Which wineries?

To see a list of all of the wineries registered in the region, go to the official Ribera del Duero D.O. website.

If this seems too overwhelming and you aren´t sure which winery to pick, or how to organise numerous visits that fit together, you could organise a wine tour of Ribera del Duero from Madrid. You could even visit a winery that produces one of your favourite wines!

How to get there

Ribera del Duero has so many places to visit that you could leave Madrid in a number of different directions, depending on where you are headed. Here are two routes to the wine towns Peñafiel and Aranda de Duero.

By car:

I would recommend travelling to Ribera del Duero by car so that you can see Ribera´s landscapes as you travel up from Madrid. This is all part of seeing Ribera- the land, the vineyards, castles and landscapes have all been shaped by wine making. You will also have the freedom to move about the region once you are there- you could stay in a wine town and drive to rural wineries and castles during the day, returning to eat delicious local food in the town at night.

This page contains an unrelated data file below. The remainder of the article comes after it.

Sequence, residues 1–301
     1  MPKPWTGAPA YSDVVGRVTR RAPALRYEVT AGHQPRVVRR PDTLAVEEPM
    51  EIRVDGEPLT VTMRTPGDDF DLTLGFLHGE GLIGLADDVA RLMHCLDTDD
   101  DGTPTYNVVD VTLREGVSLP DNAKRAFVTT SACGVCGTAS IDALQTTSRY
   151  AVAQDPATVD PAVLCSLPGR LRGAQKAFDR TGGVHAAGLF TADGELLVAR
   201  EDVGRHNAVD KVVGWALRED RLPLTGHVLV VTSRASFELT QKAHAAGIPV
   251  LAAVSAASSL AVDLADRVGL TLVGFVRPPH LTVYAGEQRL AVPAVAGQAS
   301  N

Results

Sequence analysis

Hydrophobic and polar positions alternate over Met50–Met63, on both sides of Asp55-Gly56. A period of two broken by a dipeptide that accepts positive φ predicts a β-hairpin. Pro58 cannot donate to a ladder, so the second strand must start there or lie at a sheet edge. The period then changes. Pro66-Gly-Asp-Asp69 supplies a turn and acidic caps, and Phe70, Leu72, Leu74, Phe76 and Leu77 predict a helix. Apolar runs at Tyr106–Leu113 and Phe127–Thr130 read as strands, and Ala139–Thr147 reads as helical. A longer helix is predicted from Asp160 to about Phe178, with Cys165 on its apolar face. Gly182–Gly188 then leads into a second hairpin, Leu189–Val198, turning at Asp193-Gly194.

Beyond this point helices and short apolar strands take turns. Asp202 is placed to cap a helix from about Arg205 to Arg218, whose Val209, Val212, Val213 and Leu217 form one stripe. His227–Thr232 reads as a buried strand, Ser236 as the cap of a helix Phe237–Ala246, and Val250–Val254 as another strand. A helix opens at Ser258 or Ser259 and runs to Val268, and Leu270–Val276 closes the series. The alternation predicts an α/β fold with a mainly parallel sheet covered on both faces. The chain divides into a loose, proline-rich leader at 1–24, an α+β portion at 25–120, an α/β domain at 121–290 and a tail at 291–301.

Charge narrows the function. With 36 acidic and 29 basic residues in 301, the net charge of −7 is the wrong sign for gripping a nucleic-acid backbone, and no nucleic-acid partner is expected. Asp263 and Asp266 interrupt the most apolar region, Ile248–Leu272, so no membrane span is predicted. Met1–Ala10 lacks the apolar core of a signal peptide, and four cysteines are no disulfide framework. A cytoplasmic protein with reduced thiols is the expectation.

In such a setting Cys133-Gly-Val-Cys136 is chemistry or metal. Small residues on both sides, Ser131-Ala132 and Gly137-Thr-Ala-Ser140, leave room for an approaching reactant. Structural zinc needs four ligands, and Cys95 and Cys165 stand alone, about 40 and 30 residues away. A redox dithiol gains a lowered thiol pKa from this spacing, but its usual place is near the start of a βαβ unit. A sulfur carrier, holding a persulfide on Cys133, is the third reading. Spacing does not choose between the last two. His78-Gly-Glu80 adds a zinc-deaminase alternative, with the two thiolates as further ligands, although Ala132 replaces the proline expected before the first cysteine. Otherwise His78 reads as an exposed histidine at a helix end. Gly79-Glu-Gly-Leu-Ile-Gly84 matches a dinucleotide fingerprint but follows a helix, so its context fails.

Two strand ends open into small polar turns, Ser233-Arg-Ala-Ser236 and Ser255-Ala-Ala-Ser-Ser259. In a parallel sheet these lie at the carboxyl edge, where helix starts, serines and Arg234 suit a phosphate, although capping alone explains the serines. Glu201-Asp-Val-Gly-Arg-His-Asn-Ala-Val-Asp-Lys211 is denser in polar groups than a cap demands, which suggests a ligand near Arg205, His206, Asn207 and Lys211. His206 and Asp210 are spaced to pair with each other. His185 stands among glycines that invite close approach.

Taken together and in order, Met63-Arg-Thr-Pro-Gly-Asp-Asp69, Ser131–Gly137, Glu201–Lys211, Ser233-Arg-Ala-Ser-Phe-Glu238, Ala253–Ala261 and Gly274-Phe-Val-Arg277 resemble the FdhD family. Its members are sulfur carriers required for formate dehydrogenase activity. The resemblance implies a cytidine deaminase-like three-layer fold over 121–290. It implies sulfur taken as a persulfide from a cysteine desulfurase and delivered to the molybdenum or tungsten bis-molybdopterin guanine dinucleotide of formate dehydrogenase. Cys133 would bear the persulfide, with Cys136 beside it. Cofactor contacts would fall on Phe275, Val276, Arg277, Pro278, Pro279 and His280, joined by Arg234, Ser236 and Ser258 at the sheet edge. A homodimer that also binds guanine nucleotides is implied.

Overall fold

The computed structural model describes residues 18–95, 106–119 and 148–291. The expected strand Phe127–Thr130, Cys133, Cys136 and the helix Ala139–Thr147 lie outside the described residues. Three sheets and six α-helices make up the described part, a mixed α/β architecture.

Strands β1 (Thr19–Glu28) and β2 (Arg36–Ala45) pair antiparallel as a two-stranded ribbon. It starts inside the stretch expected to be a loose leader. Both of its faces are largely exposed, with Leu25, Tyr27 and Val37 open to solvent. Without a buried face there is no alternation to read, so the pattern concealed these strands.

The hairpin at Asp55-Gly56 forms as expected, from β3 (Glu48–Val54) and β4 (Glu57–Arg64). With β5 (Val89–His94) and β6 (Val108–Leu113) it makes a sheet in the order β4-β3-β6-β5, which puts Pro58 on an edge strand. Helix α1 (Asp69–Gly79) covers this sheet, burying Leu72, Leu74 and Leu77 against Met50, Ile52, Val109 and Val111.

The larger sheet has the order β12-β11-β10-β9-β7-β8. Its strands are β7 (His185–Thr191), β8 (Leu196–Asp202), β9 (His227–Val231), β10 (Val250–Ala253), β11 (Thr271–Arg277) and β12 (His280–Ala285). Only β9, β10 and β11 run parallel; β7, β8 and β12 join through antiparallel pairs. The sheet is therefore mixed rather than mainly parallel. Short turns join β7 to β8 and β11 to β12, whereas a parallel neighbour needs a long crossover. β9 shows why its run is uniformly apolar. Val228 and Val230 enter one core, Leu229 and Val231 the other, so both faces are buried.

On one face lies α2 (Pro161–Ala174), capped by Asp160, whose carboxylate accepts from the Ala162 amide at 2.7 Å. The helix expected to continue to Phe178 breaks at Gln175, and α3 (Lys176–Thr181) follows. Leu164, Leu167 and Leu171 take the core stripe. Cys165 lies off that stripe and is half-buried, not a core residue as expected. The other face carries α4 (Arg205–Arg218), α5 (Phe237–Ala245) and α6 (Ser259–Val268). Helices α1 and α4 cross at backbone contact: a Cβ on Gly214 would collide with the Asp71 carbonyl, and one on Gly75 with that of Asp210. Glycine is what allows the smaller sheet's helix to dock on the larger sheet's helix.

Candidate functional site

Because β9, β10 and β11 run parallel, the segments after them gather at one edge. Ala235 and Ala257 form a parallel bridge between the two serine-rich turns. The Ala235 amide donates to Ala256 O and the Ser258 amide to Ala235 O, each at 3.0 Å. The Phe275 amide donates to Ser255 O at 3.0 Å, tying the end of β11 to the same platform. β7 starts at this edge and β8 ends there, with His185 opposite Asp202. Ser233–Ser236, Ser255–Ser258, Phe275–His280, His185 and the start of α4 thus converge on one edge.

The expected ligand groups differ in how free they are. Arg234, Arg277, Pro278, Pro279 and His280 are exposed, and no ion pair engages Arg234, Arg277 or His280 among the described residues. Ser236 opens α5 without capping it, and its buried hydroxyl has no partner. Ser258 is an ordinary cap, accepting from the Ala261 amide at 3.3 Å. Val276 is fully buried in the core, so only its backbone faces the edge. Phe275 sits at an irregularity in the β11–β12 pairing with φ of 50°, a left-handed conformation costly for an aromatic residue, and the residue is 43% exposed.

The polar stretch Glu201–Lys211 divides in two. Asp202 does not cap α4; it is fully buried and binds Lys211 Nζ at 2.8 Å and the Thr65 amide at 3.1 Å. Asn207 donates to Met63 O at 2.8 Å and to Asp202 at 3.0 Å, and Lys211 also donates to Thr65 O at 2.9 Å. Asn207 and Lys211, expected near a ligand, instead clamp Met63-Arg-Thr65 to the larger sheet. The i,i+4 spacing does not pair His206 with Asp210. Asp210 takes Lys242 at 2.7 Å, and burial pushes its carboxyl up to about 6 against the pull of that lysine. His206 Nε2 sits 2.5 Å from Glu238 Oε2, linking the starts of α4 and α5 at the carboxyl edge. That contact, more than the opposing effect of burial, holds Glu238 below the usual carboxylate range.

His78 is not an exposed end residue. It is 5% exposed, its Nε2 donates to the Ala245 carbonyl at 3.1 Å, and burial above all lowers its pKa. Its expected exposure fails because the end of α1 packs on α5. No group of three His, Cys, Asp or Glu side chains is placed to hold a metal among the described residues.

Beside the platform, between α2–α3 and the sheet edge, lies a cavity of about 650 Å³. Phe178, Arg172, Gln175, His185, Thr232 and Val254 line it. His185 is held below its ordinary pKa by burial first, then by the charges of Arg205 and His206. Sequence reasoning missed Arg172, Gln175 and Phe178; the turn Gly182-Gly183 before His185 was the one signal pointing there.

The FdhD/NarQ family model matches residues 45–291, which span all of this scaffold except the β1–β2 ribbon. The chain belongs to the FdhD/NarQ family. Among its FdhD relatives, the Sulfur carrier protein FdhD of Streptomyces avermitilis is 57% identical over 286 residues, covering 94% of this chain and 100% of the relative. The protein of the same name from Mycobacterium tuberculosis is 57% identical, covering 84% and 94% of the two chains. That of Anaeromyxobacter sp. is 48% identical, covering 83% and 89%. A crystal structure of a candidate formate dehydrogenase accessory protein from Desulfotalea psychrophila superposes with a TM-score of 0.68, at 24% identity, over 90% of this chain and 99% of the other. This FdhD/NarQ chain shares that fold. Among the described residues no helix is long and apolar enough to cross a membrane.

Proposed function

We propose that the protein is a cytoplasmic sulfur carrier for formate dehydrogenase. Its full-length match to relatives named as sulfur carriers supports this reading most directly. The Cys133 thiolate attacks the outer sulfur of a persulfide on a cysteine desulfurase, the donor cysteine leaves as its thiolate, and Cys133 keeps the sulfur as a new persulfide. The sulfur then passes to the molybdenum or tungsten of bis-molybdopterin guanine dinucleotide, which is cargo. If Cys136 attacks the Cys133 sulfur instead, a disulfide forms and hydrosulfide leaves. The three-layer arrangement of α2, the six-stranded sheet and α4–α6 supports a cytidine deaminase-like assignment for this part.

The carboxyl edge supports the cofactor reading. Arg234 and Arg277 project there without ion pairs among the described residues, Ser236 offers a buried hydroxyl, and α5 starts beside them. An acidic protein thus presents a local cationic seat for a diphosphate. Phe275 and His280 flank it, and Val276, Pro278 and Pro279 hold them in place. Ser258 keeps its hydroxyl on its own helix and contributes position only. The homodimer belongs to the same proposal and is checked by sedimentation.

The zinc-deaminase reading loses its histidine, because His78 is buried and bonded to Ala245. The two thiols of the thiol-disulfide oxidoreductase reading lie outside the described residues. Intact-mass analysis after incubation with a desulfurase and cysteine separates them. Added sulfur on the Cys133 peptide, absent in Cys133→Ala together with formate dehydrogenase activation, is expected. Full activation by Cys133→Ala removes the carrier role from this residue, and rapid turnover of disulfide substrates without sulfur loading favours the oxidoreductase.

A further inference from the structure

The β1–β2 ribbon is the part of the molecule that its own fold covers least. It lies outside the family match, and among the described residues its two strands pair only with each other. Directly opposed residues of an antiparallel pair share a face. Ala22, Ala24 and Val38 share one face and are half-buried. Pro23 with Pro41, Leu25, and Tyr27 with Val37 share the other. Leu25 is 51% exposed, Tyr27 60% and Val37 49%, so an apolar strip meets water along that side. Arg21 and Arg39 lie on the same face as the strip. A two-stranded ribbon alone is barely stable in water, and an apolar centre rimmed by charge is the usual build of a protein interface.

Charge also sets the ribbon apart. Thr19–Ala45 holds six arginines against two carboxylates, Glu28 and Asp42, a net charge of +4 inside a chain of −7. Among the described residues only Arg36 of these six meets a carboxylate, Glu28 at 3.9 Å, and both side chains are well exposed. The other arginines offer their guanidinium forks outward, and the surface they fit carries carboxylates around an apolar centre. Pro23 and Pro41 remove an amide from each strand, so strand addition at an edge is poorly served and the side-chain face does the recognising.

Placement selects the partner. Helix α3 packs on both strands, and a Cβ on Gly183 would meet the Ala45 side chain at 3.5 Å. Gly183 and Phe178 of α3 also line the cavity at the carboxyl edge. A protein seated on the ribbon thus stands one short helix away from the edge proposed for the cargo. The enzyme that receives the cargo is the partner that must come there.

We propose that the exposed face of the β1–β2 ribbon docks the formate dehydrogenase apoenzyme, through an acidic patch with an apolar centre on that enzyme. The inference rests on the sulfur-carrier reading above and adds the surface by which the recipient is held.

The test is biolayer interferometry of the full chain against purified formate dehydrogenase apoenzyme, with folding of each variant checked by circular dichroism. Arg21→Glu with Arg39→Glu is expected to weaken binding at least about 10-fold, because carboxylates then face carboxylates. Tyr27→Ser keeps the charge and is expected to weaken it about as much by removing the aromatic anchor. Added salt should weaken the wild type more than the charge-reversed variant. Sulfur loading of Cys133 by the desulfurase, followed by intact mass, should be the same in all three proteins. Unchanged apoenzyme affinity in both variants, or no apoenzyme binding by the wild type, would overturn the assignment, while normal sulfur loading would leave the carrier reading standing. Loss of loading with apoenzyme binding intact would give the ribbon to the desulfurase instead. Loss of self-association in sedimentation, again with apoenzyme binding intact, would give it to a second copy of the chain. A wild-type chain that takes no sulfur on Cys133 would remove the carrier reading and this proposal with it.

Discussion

You can see which companies rent cars in Madrid by going to our previous Travelling by car in Madrid: renting cars, car sharing or carpooling article.

Route: Madrid- Peñafiel
Duration: 2 hours approx.
Tip: Combine this route with a stop at the beautiful UNESCO city of Segovia on the way

Route: Madrid- Aranda de Duero
Duration: 1 hour 45 approx.
Tip: You can find recommended Aranda de Duero scenic driving routes for once you have arrived in the area, on the official Aranda y Ribera guide website. Useful for a weekend trip.

By bus:

It is possible to travel to a few of the wine towns by coach from Madrid. This would be a good option if you would just like to visit the main wine towns.

Route: Madrid- Peñafiel